Another playwright, Aeschylus (525-456 b.c.e.), is credited with establishing what became the traditional costume for Greek tragedy. It consisted of a long, sleeved, patterned tunic, a stylized mask for instant character recognition, and a pair of high-soled shoes called corthu-nae. All of these garments were exclusively for theatrical use. One cannot act the hero in everyday wear.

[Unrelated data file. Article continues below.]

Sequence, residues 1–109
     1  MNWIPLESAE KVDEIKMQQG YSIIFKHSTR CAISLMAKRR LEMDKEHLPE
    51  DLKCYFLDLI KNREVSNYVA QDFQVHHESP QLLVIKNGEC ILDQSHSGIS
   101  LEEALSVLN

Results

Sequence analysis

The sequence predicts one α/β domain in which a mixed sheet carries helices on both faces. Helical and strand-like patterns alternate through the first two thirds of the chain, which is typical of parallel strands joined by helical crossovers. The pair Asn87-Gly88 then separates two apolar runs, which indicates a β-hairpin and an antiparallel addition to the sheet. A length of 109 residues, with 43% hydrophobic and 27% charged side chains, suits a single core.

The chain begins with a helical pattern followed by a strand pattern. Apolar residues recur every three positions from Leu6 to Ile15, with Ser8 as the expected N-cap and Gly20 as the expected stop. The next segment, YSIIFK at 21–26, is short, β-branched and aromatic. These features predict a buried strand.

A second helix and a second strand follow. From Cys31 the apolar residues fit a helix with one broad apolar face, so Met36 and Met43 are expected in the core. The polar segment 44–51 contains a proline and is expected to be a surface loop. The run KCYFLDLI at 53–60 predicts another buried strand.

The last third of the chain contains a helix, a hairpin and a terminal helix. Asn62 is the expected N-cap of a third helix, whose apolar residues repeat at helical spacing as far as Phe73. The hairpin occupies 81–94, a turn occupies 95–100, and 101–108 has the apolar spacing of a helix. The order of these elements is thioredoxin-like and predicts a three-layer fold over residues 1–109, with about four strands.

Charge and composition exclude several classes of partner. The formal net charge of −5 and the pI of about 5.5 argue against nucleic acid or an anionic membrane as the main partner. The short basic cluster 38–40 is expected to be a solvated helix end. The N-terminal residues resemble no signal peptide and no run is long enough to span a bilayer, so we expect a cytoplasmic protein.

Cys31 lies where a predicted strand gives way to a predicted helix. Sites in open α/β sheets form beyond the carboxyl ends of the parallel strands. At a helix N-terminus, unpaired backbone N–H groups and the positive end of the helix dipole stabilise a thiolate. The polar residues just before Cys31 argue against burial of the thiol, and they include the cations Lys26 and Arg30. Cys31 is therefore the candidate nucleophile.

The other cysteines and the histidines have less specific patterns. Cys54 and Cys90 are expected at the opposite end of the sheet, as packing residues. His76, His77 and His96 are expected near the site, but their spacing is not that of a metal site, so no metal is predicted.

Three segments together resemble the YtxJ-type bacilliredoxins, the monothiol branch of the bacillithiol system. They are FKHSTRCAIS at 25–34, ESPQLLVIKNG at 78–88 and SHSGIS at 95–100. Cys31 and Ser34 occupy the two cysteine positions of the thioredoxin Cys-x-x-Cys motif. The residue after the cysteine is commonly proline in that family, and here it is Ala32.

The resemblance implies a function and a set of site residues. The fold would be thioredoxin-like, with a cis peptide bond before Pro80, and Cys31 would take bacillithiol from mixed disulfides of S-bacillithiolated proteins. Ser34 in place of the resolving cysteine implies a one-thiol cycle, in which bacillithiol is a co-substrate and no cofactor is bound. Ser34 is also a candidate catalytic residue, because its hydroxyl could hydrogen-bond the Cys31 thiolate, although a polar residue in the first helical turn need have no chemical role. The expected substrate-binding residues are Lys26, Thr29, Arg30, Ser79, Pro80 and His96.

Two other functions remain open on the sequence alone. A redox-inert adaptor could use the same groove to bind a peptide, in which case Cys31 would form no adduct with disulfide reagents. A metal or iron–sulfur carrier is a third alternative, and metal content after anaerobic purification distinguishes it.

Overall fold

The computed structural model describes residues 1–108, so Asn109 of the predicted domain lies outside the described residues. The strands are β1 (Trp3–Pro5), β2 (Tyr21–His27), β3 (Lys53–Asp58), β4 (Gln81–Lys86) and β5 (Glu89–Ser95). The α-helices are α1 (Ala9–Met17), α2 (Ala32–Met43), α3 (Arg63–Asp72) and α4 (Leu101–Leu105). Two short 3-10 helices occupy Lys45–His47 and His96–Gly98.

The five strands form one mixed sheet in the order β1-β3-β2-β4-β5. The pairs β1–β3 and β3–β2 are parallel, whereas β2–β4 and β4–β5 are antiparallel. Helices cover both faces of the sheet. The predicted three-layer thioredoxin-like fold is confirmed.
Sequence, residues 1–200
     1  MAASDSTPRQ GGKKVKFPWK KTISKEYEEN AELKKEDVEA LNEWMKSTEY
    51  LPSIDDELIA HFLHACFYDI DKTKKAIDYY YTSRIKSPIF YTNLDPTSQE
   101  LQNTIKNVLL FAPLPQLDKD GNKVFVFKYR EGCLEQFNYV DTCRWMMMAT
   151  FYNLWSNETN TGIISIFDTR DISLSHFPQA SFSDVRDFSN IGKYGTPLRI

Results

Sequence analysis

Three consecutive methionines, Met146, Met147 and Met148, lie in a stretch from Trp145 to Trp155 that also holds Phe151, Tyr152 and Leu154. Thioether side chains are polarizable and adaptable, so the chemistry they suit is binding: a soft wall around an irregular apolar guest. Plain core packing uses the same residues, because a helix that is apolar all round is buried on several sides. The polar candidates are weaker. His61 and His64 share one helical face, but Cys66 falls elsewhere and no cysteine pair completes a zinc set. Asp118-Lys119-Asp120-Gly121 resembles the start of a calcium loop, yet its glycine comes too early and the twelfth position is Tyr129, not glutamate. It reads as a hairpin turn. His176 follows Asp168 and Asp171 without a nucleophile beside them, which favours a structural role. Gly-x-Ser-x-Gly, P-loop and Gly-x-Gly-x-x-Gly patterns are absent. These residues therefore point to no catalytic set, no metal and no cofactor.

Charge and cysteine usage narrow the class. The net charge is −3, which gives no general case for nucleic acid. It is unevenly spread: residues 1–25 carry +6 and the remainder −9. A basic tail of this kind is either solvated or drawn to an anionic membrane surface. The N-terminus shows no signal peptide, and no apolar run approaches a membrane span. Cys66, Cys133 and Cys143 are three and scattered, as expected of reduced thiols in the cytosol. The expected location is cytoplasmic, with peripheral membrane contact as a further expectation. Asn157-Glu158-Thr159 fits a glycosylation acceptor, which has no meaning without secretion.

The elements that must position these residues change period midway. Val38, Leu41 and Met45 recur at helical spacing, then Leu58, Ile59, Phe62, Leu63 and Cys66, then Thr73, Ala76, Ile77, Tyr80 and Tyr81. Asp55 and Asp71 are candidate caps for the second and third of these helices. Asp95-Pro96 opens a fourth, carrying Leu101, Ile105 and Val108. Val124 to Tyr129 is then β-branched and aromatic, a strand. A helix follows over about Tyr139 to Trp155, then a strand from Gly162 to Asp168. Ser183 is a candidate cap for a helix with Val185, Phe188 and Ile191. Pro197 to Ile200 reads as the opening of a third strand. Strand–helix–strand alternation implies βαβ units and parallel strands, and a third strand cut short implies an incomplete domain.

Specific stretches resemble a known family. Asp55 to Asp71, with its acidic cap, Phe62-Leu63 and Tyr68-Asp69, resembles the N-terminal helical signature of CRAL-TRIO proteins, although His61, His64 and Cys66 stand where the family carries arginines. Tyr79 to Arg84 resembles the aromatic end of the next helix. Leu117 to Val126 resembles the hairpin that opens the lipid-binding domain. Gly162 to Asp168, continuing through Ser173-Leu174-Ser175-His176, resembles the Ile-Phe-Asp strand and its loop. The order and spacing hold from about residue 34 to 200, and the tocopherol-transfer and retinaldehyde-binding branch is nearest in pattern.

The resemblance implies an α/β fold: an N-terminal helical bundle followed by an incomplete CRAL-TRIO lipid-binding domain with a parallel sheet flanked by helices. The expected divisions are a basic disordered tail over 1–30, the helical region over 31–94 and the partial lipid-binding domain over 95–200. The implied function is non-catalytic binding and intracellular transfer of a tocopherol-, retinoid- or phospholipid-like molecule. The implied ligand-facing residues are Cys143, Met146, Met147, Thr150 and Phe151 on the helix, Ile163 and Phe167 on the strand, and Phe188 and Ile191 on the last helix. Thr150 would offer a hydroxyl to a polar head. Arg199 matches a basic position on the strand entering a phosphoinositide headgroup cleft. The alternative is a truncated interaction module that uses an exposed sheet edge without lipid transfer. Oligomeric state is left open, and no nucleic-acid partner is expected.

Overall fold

Actors in Greek comedies also wore masks to indicate which characters they portrayed. Additionally, they would often add exaggerated body parts, padded bottoms or stomachs, and oversize phalluses to heighten the comic effect. Short tunics, much like those worn by ordinary citizens, were thought appropriate to comedy.

Although the Romans added their own twists, the costume conventions established by the Greeks essentially remained the same until the fall of the Roman Empire, when Western theater virtually disappeared for eight hundred years.